Vlasic is known not only for his awareness and positional play, but also for his skating, outlet passing, and shot from the point. Given his skill set, all Vlasic needs to do is continue to hone his game and gain some muscle and he should challenge for a spot in San Jose one day. The 18-year-old’s performance in 2004-05 leaves reason for optimism. Vlasic’s 5 goals and 25 assists in 70 games for the Remparts led the team in defenseman scoring. Vlasic’s +39 rating led the Remparts in plus/minus and was fifth in the QMJHL, and tops amongst all players not playing for Sidney Crosby’s Rimouski Oceanic. The Montreal native kept it up his solid performance in the playoffs scoring 2 goals and 7 assists in 13 games. At 6’1 190 pounds Vlasic is no giant, but he is willing to hit, playing out 130 hits in the regular season and 44 in the playoffs.

In San Jose’s 15-year history, the Sharks have never drafted a defenseman out of the QMJHL until Vlasic’s selection. Although the Sharks have not invested a draft pick on a QMJHL defenseman before, Vlasic is a teammate of Shark prospect center Josh Hennessy, who was drafted with the 43rd overall pick in 2003, so the Sharks have had numerous opportunities to get a good read on Vlasic while monitoring Hennessy’s progress. Hennessy, also drafted out of the Remparts organization, progressed sufficiently to earn a contract with the Sharks for the 2005-06 season. Should Vlasic progress similarly, he should follow his suit and sign with the Sharks in two years.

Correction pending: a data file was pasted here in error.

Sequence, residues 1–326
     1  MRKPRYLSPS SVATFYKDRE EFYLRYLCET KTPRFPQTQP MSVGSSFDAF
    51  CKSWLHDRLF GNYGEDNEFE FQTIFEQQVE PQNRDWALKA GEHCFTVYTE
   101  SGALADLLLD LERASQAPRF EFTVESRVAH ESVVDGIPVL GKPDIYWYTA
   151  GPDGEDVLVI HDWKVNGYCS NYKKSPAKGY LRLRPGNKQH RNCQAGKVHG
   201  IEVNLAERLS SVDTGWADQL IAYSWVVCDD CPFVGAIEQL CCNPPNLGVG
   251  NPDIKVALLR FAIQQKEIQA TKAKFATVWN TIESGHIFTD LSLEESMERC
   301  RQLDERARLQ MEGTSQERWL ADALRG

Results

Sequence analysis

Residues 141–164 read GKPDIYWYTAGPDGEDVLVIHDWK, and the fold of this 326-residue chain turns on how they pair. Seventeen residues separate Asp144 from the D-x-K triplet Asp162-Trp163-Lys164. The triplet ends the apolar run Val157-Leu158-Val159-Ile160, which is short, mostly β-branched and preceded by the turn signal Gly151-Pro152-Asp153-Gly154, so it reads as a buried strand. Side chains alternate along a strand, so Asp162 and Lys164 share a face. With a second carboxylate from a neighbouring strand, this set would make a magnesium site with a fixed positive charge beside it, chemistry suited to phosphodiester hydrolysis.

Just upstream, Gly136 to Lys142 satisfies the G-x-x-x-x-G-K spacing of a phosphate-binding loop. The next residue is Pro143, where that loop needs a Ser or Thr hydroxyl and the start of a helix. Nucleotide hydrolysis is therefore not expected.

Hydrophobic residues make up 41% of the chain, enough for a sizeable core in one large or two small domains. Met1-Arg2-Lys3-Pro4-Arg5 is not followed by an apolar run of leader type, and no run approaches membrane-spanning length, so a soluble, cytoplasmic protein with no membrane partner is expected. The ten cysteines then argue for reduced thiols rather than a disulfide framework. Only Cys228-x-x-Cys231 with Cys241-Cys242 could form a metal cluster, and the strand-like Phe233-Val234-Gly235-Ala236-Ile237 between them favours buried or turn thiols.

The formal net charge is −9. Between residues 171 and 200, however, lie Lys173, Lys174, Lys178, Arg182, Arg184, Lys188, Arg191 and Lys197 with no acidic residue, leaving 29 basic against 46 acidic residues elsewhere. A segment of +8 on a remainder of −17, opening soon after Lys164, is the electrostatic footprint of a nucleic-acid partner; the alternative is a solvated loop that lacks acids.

The success of San Jose’s recent early round draft picks suggests that Vlasic should follow suit, as the Sharks haven’t bombed on an early round draft pick since Tero Määttä in the 2000 Draft. Although it does not appear Määttä will pan out for San Jose, the Finn has gone on to become a stalwart defensive defenseman for the Espoo Blues of the Sm-Liiga under former NHL head coach Ted Sator.

Analysis: The selection of Vlasic has all the feel of the selection of Matt Carle in the 2003 Draft. Vlasic has all of the qualities San Jose likes in its defensemen: a good skater, strong defensively, performs against top-line players, an offensive upside, and a willingness to play physically. Not only are Vlasic’s qualities similar to Carle, his size is even similar. If Vlasic develops like Carle, San Jose has one of the steals of the 2005 Draft.


Alex Stalock, G

5’11 170 lbs. Catches: Left

Cedar Rapids Roughriders (USHL)

4th Round, 112th Overall